14 April 2010

Landscape Photography Accessories

So, the pain, missed shots, slipped discs and just downright frustration of this winter is just not to be repeated. Our current mode of transport is great for long distance cruising and copes well around town but a 3.0L 230bhp Automatic with big low profile tyres in the snow? Nah! Double Nah! Embarrasing even… and it cost me a week in bed as I tried to push it out of Brimham Rocks car park (even before we’d actually parked).

Anyway, I’d been considering a campervan for a while and I’d been looking at a website that imports ‘rust free’ Toyota Hiaces from Japan for some time ( There are some 4×4 2.8L Diesel engined Hi Top vans that looked very nice and so we planned a trip down to Chesterfield to take a look, planning to buy later in the year.

As it happened, the garage had the perfect van (i.e. High top, night heater, 2.8 non turbo diesel, very clean, <£10k, awning, open conversion with good window views, gas/electric fridge, gas hob, space for roof locker, sink, mini-toilet). It was in very good condition and only had 60,000 miles on a 94 plate and was just the right price. The night heater was a bonus as I was thinking I would have to fit one for an extra £800-£1000 pounds (a night heater is a little in built efficient diesel burner that exhausts fumes outside of the van and uses a heat exchanger to warm the inside of the van – hopefully very useful when camping in winter conditions).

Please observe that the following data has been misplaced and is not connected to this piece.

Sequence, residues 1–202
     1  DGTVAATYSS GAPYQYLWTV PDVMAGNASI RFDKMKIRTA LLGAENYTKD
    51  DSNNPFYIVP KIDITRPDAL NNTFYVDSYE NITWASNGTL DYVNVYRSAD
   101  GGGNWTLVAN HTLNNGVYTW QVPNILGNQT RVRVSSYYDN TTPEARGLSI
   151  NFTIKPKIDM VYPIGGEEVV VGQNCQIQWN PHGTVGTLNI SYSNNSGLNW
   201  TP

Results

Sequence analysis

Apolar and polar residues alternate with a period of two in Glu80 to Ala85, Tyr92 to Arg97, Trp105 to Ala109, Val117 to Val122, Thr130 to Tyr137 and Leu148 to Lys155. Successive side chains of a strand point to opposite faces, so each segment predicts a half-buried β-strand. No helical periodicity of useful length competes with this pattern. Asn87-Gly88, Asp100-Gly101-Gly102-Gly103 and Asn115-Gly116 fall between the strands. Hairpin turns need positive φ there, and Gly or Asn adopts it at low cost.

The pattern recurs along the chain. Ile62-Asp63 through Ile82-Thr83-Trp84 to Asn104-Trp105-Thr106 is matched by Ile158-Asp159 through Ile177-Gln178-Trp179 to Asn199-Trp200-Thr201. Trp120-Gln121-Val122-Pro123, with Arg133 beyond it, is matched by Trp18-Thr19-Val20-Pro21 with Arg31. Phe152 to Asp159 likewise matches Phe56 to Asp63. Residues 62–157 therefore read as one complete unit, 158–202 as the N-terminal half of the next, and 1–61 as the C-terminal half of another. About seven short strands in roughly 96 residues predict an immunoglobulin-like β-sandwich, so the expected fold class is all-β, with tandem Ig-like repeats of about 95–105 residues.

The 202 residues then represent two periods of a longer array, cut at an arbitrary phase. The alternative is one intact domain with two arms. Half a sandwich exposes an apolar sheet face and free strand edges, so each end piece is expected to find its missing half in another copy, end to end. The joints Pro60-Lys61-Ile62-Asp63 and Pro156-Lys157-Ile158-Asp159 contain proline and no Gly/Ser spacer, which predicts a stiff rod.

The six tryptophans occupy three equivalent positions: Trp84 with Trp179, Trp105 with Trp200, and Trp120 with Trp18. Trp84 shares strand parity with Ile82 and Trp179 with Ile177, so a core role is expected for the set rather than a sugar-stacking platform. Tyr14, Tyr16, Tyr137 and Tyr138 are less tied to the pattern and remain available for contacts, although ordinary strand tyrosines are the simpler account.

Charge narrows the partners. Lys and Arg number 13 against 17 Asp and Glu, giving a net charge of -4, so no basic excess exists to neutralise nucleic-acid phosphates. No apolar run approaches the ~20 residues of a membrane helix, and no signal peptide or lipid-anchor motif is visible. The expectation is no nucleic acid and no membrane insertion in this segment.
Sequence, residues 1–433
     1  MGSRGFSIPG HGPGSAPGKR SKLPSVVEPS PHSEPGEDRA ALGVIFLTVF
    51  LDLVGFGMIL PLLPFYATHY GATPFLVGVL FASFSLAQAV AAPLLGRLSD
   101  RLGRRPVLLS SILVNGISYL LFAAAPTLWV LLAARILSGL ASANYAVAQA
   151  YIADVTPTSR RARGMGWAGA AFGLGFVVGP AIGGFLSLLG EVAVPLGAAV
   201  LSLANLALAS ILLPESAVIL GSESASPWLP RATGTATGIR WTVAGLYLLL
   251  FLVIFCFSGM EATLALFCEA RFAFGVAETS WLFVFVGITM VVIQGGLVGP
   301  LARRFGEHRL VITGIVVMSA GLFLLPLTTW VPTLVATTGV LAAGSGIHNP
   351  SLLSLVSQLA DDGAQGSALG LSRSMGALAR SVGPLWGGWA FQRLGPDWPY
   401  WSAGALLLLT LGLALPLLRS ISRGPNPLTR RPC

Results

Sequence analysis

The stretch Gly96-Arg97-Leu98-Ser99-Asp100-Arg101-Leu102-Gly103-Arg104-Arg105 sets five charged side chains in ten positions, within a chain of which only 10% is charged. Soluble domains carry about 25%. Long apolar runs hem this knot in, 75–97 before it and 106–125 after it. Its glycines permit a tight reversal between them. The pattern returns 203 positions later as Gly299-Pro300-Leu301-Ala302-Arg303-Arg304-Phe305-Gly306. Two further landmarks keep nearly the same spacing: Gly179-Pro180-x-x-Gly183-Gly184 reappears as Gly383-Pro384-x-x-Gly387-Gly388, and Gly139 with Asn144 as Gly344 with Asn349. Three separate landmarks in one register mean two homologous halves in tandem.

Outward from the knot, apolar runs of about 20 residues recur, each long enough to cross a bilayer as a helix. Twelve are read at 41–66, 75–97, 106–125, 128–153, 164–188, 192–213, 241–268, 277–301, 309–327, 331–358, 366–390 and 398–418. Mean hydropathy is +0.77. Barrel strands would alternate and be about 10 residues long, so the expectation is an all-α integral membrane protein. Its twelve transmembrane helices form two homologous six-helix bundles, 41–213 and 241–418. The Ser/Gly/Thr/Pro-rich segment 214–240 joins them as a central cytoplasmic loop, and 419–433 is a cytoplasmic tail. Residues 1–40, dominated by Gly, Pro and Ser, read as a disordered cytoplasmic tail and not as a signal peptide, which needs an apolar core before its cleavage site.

We had to have a serious think but as far as I was concerned, this was the one. I had done quite a bit of research before hand and discovered that the Hiace is used in third world countries around the world as a minibus and transporter. Story after story I read stated that they were unkillable and would tackle even the most ridiculous of potholded, muddy African roads and the 2.8 diesel engine is so easy to work on and spares available so cheaply (China used to Hiace as the model for it’s own line of people carriers with compatible parts supposedly) that I shouldn’t need to do much work on it (compared to some of the other better specced manufacturers cars which are a little prone to breakdown – including the 2.4 diesel turbo in the UK version of the Hiace). It took a bit of thinking about (OK, not much) and we put our money down.

A couple of people have said “Is it really a proper 4×4?” – well, take a look at the following video of a minivan version taking on a 4×4 jeep..

If you’re short on time, skip to these times, skip to 1’47”, 2’45” and 5’10”

Another good example is

and here’s a few more

We went to pick it up on the day that me and Dav were starting out large format course and it drives beautifully – well OK, a little bathtub like cornering at speed but it reminded me of my old Morris Minor Traveller – even down to the 50mph limit going up hills :-) it does cruise at 60 nicely though, enough for me..

We’ve yet to try it out for an overnighter but a trip to Whitby is on the books and I’m planning on getting a set of chains so that my personal case of seasonal affected disorder (or “missing effing winter shots”) does not occur again.

As a couple of colleagues have said, the most important part of photography is being in the right location at the right time and given that, a campervan has to be the ultimate landscape photography accessory!

Poplar Motors supplied this Camper Van and they’re very nice people!

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21 Responses to “Landscape Photography Accessories”

  1. On February 4, 2011 at 8:03 am